DEVELOPING THE GRAMMAR OF MORAL LOGIC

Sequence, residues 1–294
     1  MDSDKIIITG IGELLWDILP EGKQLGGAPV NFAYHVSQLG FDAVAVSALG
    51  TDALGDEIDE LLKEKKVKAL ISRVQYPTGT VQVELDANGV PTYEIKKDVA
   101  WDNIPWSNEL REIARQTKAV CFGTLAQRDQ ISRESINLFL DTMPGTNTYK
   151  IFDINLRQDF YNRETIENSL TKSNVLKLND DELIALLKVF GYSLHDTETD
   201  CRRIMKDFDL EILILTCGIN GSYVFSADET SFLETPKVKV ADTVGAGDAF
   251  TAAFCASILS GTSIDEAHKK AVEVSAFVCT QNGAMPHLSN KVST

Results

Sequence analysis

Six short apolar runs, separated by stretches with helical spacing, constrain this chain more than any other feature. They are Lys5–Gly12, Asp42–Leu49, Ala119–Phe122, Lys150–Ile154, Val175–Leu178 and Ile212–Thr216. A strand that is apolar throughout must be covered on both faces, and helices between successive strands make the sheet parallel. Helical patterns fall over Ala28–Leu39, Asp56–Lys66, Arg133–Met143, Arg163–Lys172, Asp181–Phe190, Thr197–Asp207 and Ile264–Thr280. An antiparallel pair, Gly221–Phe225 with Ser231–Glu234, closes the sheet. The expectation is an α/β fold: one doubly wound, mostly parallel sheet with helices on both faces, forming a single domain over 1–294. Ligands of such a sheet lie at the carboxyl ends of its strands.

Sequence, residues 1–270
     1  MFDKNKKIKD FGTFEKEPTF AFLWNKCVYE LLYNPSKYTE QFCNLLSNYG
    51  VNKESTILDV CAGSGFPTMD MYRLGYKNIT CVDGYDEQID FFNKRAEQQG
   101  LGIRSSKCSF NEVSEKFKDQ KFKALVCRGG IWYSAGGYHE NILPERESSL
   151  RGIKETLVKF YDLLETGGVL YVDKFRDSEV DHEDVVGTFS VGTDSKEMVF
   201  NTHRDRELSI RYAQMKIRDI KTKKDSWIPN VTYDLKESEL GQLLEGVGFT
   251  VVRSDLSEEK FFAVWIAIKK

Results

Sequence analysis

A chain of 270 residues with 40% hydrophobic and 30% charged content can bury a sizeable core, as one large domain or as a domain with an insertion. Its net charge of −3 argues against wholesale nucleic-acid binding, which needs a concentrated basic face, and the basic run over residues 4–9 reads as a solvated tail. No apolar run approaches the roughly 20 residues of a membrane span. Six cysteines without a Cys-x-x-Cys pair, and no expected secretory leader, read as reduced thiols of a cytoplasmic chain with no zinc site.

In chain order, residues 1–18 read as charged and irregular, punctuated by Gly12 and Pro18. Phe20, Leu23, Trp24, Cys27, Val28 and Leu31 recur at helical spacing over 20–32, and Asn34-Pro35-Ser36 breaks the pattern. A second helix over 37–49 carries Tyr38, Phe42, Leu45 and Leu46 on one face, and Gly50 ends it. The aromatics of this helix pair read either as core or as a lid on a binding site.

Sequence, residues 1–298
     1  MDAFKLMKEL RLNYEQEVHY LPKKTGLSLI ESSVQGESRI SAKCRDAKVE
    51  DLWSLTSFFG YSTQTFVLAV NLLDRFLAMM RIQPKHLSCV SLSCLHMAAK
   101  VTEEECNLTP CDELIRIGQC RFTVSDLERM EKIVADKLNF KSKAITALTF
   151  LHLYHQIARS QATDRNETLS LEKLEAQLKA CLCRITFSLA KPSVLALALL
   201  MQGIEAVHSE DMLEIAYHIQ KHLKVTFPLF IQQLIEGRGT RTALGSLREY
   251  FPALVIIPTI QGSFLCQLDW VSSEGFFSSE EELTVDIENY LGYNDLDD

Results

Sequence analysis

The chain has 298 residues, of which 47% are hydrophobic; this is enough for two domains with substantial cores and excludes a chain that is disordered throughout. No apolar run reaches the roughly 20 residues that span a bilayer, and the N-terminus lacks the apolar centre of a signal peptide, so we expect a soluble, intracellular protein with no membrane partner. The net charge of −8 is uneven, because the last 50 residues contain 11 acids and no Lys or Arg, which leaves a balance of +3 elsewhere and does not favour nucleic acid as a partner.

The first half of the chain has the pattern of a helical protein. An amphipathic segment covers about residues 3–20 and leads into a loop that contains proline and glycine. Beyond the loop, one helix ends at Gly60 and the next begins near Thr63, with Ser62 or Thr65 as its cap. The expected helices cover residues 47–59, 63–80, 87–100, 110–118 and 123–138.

Abstract: In John Paul II’s address before the General Assembly of the United Nations in 1995 he pointed to the critical importance of a universal ‘moral logic’ in human beings if our world is to move beyond the injustice and violence of the past to a more just and peaceful world. He also argued that the universal human rights movement confirms both a universal human nature and the cross-cultural reality of a universal moral logic in human beings. This essay focuses on four things: 1) The inadequacy of the narrow focus of modern secular cultures and education on the logic of scientific, technological and financial reasoning as the highest expressions of human rationality. This narrow view of human intelligence largely ignores the powerful crosscultural presence and importance of a universal moral logic present in Catholic Social teaching, international law and the secular universal human rights movement. 2) The logical priority of universalizable moral reason over scientific and technological reason to the building of a more just and peaceful world. 3) The importance of moral reasoning research to the effective teaching of ‘the grammar of moral logic’ to individuals and communities around the world. This research was begun by Jean Piaget in France in the 1930s. It was then picked up and developed in dramatic new ways in the 1950s by Lawrence Kohlberg first at the University of Chicago and then with his colleagues at Harvard. This in turn leads to the work of J.R. Rest at the University of Minnesota and the important work of a number of other research psychologists, principally in the United States. 4) A presentation of the dramatic, measurable, and replicable gains in moral reasoning skills that can be achieved by constructing a pedagogy based on the insights of the moral development research. Key words: Peace and justice, scientific & technological reason, moral reason, ethics, natural law, cognitive development, social learning theory, universal human rights, United Nations, the Social Doctrine of the Catholic Church, John Paul II, Jean Piaget, Lawrence Kohlberg, James R. Rest, Carol Gilligan.